Effective treatments for PTSD exist, yet nearly half of patients continue to have significant symptomatology after treatment. Could augmentation of treatments improve results? Read more
Melbourne researchers are developing a hi-tech test to diagnose post-traumatic stress disorder in veterans.
A new study — the first of its kind — will use cameras to analyse veterans’ skin temperature, heart rate and breathing. Their eye movement will also be monitored, as well as how much they sweat when talking about traumatic events.
Up to one in five veterans will develop PTSD, but the debilitating condition often goes undiagnosed because it’s hard to detect. Typically, it takes between eight and 10 years before someone is diagnosed and gets treatment.
Phoenix Australia head of research Professor Meaghan O’Donnell, overseeing the study, told the Herald Sun: “This is the first time a lot of this technology has been used
clinically. It’s very unique.”
About 50 veterans and emergency services workers who suspect they have PTSD will be recruited for the study, led by Phoenix Australia psychiatrist Rahul Khanna at the University of Melbourne.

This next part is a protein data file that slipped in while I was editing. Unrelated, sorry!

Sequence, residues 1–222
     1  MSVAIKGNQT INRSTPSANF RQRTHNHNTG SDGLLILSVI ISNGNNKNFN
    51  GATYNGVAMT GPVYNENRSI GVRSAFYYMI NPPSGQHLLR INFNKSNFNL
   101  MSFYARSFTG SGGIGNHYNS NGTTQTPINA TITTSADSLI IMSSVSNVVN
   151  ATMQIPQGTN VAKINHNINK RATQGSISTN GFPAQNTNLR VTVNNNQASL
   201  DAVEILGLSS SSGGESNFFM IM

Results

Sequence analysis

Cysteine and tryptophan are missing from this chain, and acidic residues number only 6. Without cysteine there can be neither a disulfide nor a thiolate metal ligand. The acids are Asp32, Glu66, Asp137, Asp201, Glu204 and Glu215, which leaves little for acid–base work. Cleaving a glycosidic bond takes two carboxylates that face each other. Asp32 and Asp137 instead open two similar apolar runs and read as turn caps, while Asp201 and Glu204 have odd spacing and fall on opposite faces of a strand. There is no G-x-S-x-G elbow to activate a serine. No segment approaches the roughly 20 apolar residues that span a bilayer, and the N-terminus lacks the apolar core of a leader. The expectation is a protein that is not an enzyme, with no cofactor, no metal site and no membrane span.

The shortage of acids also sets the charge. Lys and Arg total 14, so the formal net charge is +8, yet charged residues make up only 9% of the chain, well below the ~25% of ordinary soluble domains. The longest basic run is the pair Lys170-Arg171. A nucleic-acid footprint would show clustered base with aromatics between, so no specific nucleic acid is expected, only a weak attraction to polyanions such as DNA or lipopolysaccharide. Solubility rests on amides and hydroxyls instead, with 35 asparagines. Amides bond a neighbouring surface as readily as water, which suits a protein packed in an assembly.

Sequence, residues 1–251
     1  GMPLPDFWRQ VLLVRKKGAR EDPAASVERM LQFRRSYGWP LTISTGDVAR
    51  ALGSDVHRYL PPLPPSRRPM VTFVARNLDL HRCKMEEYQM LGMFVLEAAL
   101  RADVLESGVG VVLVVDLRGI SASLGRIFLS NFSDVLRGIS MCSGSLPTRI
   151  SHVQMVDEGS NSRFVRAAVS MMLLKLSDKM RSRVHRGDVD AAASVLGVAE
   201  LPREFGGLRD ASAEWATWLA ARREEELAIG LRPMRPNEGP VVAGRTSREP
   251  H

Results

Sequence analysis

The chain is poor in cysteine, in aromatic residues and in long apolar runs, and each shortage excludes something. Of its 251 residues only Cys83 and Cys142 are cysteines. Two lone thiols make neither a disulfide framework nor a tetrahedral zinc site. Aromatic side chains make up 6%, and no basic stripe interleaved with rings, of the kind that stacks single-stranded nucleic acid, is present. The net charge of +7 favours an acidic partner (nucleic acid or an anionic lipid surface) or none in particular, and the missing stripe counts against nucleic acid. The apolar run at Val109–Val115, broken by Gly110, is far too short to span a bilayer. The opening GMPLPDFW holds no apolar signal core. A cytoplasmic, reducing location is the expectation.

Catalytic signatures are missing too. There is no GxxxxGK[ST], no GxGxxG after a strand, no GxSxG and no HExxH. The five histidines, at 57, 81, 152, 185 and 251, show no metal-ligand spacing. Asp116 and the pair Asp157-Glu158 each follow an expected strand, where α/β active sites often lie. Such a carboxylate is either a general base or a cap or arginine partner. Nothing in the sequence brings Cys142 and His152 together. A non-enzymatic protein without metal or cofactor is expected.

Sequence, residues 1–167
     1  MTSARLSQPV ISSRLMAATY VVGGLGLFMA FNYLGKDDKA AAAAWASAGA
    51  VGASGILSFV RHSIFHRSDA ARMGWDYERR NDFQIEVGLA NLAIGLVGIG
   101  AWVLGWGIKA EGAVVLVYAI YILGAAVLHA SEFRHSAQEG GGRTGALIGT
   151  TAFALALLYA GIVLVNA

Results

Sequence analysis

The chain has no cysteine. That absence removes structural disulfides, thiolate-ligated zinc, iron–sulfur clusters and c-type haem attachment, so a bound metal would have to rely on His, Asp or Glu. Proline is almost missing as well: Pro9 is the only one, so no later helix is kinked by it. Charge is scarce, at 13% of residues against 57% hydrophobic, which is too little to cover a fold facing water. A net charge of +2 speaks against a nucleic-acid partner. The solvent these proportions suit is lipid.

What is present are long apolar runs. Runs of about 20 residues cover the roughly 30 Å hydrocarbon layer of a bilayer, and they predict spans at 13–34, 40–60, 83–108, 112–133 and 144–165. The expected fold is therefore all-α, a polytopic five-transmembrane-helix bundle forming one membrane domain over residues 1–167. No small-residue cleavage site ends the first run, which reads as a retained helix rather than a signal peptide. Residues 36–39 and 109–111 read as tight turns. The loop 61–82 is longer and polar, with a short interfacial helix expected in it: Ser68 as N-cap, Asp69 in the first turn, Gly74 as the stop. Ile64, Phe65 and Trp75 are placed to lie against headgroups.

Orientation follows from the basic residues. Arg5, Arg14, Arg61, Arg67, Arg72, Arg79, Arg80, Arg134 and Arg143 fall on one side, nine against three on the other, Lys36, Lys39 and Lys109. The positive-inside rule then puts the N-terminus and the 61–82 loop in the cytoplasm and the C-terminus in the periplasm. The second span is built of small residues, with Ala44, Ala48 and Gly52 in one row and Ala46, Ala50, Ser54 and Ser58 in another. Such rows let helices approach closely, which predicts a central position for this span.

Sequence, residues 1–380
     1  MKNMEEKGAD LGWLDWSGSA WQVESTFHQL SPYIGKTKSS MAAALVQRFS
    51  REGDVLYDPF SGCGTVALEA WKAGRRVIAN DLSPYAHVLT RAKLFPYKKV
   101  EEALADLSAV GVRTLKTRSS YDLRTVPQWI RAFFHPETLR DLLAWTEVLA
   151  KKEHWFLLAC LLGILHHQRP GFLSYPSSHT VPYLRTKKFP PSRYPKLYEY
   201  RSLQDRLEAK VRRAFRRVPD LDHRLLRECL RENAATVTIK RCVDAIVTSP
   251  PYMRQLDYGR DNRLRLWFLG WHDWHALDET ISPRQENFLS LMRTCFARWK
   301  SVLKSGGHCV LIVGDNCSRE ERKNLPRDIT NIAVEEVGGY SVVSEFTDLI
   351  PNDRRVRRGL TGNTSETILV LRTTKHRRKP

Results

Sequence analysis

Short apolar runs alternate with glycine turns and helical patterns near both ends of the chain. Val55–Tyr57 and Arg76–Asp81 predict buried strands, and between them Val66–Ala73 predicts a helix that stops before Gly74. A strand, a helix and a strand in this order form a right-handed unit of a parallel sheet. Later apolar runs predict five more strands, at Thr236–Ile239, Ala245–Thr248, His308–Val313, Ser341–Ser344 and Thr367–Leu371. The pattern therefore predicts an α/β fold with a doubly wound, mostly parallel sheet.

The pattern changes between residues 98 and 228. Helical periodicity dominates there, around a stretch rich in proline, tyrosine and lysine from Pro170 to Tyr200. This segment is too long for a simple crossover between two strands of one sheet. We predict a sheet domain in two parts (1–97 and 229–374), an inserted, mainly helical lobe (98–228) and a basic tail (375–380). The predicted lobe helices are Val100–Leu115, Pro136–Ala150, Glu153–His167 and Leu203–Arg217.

Thermal cameras will measure unconscious body reactions when veterans are asked to talk about traumatic events they’ve experienced. Special software will measure their facial expressions during the assessment.
“At the moment the way we diagnose PTSD is by using clinical interviews, and patients report whether they’ve got certain symptoms,’’ Prof O’Donnell said. “We don’t really have objective markers of diagnosis. It’s particularly difficult for PTSD as often the symptoms are hard to describe and it is left to the clinician’s expertise to diagnose.
“This assessment would happen pretty automatically. The idea is to get this signal that is specific to PTSD.”
It will help us diagnose PTSD more accurately, and if you get the diagnosis right,
then you’re more likely to get the appropriate treatment.”
Between 5 and 20 per cent of veterans will develop PTSD — double the rate in the general public. About 8 per cent of serving defence personnel experience PTSD in a given year.
Veterans Minister Shaun Leane is pushing for mental health support to be a key focus in the newly announced royal commission into veteran suicides, with the state government providing $1.5m for recent upgrades to Phoenix’s research facilities. “Veterans have served our country and it is our duty to stand by them — this funding is part of the work we’re doing to support veterans and their mental health and wellbeing,’’ Mr Leane said.
Veterans and first responders who suspect they have PTSD and wish to be part of the research can phone Phoenix’s traumatic stress clinic on 1800 514 905 or email [email protected].